Henryk Roman Gulbinowicz
|Cardinal, Archbishop Emeritus of Wroc?aw|
|Appointed||3 January 1976|
|Term ended||3 April 2004|
|Other posts||Cardinal-Priest of Immacolata Concezione di Maria a Grottarossa|
|Ordination||18 June 1950|
by Romualdo Jalbrzykowski
|Consecration||8 February 1970|
by Stefan Wyszy?ski
|Created cardinal||25 May 1985|
|Born||17 October 1923|
Wilno, Second Polish Republic
|Motto||patientia et caritas|
|Coat of arms|
|Reference style||His Eminence|
|Spoken style||Your Eminence|
Henryk Roman Gulbinowicz was born on 17 October 1923 in Wilno, Poland (now Vilnius, Lithuania). He grew up in Szukiszki (?uki?k?s). He entered the archdiocesan seminary where he completed his secondary studies and was then transferred to Bia?ystok.
He was ordained a priest by Archbishop Romuald Jalbrzykowski on 18 June 1950, and was an associate pastor at Szudzialowo. After a year of parish experience, he was sent to Lublin to continue his preparation in theology at the Catholic University of Lublin. He earned a doctorate in moral theology in 1955. From 1956 to 1959 he was university chaplain in Bia?ystok. He then taught in the seminary at Warmia, while also working in the diocesan Curia of Olsztyn.
On 12 January 1970, Pope Paul VI appointed him titular Bishop of Acci and made him apostolic administrator of the Polish section of the Archdiocese of Vilnius (Bia?ystok). The following 8 February he received his episcopal consecration from Cardinal Stefan Wyszy?ski. In charge of the church community, he was responsible for the reorganization of the diaconate and he also promoted the construction of new parishes. Beginning in 1944, despite wartime conditions, he furthered the growth of religious life in his area by creating in Bia?ystok the Parish Catechetics Center and reviving the trimestral publication "Wiadomo?ci Ko?cielne Archidiecezij w Bia?ystoku" (Church news of the archdiocese of Bia?ystok).
On 3 January 1976 he became Archbishop of Wroc?aw. While guiding this local church during these years, he created many pastoral centers in this large region. In addition, he founded the biweekly "Nowe ?ycie" (New Life) and crowned the statue of the Virgin as protector of the famous shrine of Wambierzyce in Lower Silesia, which is a pilgrimage center.
A few days before martial law was imposed in 1981, the local Solidarity union branch withdrew from its bank account 80 million Polish zlotys, the equivalent of today's USD 100 million, and deposited the cash with Gulbinowicz, who hid it from the communist regime during Solidarity's delegalisation.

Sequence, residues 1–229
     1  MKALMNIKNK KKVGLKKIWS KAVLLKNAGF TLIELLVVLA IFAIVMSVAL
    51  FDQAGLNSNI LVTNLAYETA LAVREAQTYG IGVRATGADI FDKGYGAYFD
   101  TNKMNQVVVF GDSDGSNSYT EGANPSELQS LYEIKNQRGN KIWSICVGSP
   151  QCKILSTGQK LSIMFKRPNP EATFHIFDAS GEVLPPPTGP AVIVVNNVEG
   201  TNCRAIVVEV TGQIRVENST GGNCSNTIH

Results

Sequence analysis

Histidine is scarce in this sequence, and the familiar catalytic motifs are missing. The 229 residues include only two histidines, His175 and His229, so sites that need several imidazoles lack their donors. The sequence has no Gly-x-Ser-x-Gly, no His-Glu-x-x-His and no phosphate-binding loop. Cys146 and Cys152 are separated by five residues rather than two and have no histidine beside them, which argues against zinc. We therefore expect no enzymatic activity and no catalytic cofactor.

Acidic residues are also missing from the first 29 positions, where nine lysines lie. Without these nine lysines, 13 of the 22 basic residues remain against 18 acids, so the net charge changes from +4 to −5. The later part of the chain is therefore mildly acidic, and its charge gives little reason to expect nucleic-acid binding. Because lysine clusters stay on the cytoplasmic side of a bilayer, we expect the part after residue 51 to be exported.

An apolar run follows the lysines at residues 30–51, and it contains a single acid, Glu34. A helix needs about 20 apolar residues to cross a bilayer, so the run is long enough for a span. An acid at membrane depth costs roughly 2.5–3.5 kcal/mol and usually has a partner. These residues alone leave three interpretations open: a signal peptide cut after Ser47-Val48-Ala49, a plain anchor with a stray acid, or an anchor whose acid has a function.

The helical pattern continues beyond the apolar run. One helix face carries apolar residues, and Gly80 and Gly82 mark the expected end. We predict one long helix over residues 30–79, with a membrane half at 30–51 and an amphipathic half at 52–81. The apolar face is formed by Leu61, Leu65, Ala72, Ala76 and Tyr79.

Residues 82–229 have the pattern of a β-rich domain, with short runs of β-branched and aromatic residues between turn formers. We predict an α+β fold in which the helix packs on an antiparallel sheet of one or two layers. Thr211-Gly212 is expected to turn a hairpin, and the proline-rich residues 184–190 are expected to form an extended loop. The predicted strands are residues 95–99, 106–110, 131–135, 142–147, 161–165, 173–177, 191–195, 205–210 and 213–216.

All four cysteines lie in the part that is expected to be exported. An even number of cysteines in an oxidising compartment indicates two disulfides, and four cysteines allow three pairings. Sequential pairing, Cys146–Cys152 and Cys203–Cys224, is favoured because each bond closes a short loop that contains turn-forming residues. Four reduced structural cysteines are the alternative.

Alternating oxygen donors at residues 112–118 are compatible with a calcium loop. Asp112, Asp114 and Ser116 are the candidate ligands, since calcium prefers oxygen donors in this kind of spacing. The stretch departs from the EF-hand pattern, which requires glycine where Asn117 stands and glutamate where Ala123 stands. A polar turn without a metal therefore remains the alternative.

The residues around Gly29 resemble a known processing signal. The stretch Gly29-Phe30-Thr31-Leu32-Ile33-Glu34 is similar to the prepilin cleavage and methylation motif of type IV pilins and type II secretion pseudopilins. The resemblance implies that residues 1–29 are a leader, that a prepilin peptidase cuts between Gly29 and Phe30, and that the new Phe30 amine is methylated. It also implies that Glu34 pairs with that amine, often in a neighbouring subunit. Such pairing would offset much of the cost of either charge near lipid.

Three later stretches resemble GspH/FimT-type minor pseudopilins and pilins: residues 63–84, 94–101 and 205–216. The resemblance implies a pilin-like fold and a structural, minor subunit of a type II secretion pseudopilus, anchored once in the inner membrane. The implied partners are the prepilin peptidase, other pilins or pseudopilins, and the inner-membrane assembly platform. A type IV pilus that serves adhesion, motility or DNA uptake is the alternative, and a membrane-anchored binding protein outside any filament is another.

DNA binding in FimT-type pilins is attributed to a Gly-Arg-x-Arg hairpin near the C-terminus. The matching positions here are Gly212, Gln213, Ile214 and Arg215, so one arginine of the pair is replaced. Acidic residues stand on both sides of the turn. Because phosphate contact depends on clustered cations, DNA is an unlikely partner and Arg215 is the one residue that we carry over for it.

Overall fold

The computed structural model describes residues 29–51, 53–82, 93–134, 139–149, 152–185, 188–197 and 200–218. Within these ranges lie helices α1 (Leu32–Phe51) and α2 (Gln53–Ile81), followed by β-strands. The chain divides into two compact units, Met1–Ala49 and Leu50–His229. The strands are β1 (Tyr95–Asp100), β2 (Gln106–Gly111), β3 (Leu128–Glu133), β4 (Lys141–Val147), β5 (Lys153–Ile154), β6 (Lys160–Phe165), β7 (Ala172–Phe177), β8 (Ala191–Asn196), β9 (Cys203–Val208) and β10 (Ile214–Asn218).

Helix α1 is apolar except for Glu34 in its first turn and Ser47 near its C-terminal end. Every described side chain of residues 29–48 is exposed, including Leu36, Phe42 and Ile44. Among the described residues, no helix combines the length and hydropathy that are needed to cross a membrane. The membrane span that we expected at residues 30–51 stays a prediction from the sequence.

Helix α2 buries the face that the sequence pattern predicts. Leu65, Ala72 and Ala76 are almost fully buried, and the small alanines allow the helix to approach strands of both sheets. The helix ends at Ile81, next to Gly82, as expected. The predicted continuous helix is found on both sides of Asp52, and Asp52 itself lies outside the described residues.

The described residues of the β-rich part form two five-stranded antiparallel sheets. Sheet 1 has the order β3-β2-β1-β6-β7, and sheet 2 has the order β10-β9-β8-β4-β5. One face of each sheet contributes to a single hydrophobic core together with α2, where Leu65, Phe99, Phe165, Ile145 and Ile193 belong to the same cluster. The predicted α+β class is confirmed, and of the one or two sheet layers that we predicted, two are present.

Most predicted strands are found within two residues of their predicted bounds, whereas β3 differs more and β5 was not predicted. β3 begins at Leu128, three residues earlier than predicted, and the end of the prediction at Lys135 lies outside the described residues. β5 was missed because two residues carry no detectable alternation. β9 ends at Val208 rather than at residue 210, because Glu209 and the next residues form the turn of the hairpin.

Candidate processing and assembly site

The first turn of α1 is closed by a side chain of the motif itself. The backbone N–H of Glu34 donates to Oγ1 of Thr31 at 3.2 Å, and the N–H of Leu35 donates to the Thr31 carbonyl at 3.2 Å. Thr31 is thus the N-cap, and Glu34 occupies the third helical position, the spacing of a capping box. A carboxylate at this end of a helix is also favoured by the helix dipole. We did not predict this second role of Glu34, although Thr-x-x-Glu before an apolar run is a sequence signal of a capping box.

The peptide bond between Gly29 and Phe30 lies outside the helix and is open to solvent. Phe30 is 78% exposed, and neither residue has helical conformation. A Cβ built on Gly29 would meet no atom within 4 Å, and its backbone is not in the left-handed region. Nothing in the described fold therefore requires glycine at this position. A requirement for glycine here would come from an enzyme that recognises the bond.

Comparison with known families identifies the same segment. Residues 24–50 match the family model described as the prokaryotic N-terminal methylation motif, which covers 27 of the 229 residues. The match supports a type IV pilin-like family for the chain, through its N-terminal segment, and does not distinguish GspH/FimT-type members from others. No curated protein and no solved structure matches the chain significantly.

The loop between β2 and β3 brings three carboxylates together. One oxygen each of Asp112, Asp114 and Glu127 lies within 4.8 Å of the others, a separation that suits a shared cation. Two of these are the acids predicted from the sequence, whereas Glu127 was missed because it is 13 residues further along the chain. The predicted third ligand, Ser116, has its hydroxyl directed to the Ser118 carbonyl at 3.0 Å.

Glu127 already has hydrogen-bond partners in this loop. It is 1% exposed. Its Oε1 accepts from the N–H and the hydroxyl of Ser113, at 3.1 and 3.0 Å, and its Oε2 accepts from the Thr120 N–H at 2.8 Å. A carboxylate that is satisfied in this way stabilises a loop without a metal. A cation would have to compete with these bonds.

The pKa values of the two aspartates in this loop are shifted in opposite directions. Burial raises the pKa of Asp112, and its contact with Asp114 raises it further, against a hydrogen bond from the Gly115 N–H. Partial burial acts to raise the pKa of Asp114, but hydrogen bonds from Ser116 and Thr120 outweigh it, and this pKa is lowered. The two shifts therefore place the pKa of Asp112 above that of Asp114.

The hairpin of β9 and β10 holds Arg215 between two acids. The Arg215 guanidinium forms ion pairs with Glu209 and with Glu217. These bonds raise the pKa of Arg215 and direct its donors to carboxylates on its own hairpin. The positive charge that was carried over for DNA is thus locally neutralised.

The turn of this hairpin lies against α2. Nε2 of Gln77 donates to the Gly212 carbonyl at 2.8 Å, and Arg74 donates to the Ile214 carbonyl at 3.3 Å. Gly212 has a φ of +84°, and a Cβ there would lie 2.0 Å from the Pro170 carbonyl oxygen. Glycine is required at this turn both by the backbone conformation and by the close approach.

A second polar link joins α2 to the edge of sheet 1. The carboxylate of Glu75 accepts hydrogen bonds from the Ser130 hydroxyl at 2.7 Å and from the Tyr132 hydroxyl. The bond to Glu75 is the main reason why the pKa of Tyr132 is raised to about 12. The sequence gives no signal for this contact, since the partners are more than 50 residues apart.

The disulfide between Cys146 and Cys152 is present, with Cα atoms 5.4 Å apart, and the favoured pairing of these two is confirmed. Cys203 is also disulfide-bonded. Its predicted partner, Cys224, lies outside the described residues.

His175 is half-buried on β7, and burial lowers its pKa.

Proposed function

He was recognized as a voice of the moderate wing of the church in Poland. Where Cardinal Glemp of Warsaw warned priests against involvement with Solidaity, Gulbinowicz intervened with the Communist government on behalf of striking railway repair yard workers. In 1985 he identified the Church closely with Lech Walesa's leadership and told crowds of union-supporting pilgrims "Hang in there, as we are hanging in". A year later he told a similar crowd: "Only the right to organize independent organizations will enable Poland to overcome the severe political and economic crises troubling this country." At a ceremony commemorating the 50th anniversary of the Soviet invasion of Poland, he counselled patience with the post-Soviet government's attempts to rebuild Poland's economy and political institutions. He said "every thinking person in Poland understands that the good toward which the nation is moving must be paid for at the beginning with sacrifices.... Some laughed at our ideals, and even at the people who were faithful to those ideals" and said that Solidarity had proved faithful to its principles. He also avoids Glemp's "nationalist tones". When he welcomed the pope to Wroclaw, formerly the German city of Breslau, he spoke of tolerance and said the city was the work of various nationalities and religions over the centuries.
Pope John Paul accepted his resignation as Archbishop of Wroc?aw on 3 April 2004, when he was thought to be 75 years old, the age at which bishops are required to submit their resignations. It then transpired that in 1942, as a young man, Gulbinowicz had falsified his birth records to escape being sent to a labor camp in Germany, listing the year of his birth as 1928 instead of 1923. Though the falsification suggested he was ordained a priest at a very young age, his correct age only became public in 2004 when an Italian newspaper noted that John Paul had accepted his resignation as Bishop of Wroc?aw at the age of 80, not 75. A year later, the change of date appeared more significant and was published more widely. In 2005, with the end of Pope John Paul's life approaching, it appeared that Gulbinowicz, if born in 1928, would have been eligible to participate in a conclave to select John Paul's successor. With the correction, he was past his 80th birthday and ineligible. Gulbinowicz told the Catholic Information Agency (Poland) that many of his peers employed this strategy and that after the war no one thought it necessary to restore his true birthdate to his documents. He said that his superiors had known the truth from the time he entered the seminary and that John Paul had known from before he became pope. The correct birth date was printed in the Pontifical Yearbook presented to John Paul on 31 January 2005.[a]
He is the author of a number of works in the new area of moral and doctrinal theology and on the formation of the clergy.
Metropolitan Archbishop of Wroclaw Card. Henryk Gulbinowicz is retiring. On October 17 the cardinal reaches the age of 75 years and in accordance with church law should leave his position.